Some of the relatives who gathered to hear Najib met the news with shrieks and uncontrolled sobs. Others collapsed into the arms of loved ones.
 
"My son! My son!" cried a woman in a group of about 50 gathered at a hotel near Beijing's airport, before falling to her knees. Minutes later, medical teams carried one elderly man out of the conference room on a stretcher, his face covered by a jacket.
 
Other relatives in Beijing went before cameras to criticize the Malaysian officials who "have concealed, delayed and hid the truth" about what happened to the plane. About two-thirds of the passengers on board were Chinese.
 
"If the 154 of our loved ones lose their lives, then Malaysia Airlines, the government of Malaysia and the military are really the executors of our loved ones," said a spokesman for the group who, like many Chinese, would give only his surname, Jiang. China includes one Taiwanese national in its total of Chinese on the flight.
 
Najib's announcement did nothing to answer why the plane disappeared shortly after takeoff. More specifically, it sheds no light on investigators' questions about possible mechanical or electrical failure, hijacking, sabotage, terrorism or issues related to the mental health of the pilots or someone else on board.
 
And it is not clear if the latest information can provide an exact location or just a rough estimate of where the jet crashed into the sea.
 
But several countries had already been moving specialized equipment into the area to prepare for a possible search for the plane and its black boxes, the common name for the cockpit voice and data recorders.
 
And there is a race against the clock to find any trace of the plane that could lead them to the location of the black boxes, whose battery-powered "pinger" could stop sending signals within two weeks. The batteries are designed to last at least a month and can last longer.
 
An Australian navy support vessel, the Ocean Shield, was expected to arrive in several days in the search zone, a defense official said. The ship is equipped with acoustic detection equipment that can search for the black boxes. Without them, it would be virtually impossible for investigators to say definitively what happened to the plane.
 
"We've got to get lucky," said John Goglia, a former member of the U.S. National Transportation Safety Board. "It's a race to get to the area in time to catch the black box pinger while it's still working."
 
The U.S. Pacific Command said before Najib's announcement that it was sending a black box locator in case a debris field is located.
 
The Towed Pinger Locator, which is pulled behind a vessel at slow speeds, has highly sensitive listening capability that can hear the black box pinger down to a depth of about 20,000 feet (6,100 meters), Cmdr. Chris Budde, a U.S. 7th Fleet operations officer, said in a statement. He called it "a prudent effort to pre-position equipment and trained personnel closer to the search area."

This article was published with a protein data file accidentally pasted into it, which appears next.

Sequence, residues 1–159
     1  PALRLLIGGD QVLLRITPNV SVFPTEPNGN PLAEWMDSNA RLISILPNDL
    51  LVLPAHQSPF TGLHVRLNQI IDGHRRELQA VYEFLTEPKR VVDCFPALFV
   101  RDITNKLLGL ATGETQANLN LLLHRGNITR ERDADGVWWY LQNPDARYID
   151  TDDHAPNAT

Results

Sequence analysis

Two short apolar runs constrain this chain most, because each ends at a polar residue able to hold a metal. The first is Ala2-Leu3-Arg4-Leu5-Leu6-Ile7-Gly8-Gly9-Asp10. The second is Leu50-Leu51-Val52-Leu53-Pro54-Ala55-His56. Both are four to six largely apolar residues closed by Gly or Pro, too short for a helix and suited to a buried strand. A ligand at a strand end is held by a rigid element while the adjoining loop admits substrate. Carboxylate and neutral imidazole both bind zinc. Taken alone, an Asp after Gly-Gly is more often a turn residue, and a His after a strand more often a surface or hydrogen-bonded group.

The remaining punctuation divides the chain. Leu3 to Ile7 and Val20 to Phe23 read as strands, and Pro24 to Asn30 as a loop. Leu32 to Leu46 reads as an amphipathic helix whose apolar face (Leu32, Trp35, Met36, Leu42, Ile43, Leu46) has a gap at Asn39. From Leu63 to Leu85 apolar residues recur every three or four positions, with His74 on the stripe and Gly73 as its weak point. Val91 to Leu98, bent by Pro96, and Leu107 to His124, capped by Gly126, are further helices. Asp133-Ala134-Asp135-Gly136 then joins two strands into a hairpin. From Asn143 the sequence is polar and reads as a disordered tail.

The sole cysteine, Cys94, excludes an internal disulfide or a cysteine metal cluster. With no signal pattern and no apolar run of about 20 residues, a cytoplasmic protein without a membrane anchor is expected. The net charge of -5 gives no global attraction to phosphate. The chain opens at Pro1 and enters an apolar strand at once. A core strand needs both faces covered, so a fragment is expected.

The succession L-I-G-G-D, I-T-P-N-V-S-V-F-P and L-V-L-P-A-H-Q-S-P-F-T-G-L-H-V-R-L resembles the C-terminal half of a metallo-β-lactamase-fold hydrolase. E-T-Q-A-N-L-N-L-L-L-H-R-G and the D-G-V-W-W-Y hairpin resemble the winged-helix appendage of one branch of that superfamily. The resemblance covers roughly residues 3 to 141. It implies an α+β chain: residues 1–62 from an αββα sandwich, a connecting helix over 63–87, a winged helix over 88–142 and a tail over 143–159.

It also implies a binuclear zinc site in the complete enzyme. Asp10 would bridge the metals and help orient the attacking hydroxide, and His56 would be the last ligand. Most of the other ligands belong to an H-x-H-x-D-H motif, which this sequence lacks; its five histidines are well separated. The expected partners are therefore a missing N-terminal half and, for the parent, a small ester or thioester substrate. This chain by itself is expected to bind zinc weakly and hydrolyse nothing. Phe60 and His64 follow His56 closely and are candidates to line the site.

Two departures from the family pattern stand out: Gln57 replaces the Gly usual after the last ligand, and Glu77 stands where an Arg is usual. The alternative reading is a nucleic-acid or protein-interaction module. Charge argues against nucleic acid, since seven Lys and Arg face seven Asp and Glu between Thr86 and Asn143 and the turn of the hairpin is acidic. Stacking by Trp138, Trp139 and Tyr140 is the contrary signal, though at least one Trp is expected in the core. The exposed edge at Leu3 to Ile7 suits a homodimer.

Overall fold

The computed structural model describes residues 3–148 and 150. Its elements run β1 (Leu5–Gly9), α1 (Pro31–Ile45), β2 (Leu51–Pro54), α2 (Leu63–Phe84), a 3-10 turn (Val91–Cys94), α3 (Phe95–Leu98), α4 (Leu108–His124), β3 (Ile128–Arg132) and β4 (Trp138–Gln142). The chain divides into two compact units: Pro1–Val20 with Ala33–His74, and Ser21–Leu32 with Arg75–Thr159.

The U.S. Navy has also sent an unmanned underwater vehicle to Perth that could be used if debris is located, said Rear Adm. John Kirby, a Pentagon spokesman. The Bluefin-21, expected to arrive in Perth on Wednesday, has side-scanning sonar and what is called a "multi-beam echo sounder" that can be used to take a closer look at objects under water, he added. It can operate at a depth of 4,500 meters (14,700 feet).
 
The search for the wreckage and the plane's recorders could take years because the ocean can extend to up to 7,000 meters (23,000 feet) deep in that part of the ocean. It took two years to find the black box from an Air France jet that went down in the Atlantic Ocean on a flight from Rio de Janeiro to Paris in 2009, and searchers knew within days where the crash site was.
Published in National News
   KUALA LUMPUR, Malaysia (AP) - An Australian search and rescue official says that planes have been sent to check on two objects possibly related to the missing Malaysia Airlines flight that were spotted on satellite imagery in the Indian Ocean about 2,500 kilometers (1,550 miles) southwest of Perth.
 
 
 
 But John Young of the Australian Maritime Safety Authority cautioned Friday against expectations that this may help solve the mystery of the plane that went missing with 239 people on board nearly two weeks ago.
   Young told reporters, "We have been in this business of doing search and rescue and using sat images before and they do not always turn out to be related to the search even if they look good, so we will hold our views on that until they are sited close-up."
Published in National News
   WASHINGTON (AP) — Ever since Malaysia Airlines Flight 370 disappeared, a fascinated public has asked: Why can somebody in the cockpit shut of the transponder?
   It turns out there are several legitimate reasons why a pilot might want to shut off this key form of communication that allows air traffic controllers to identify and track airplanes.
   Authorities believe that Flight 370's transponder was intentionally shut off, delaying search and rescue efforts and helping to conceal the plane's location — a mystery unsolved more than 10 days after the Boeing 777 vanished.
   It's rare for a pilot to turn off a transponder during flight, but occasionally there is cause.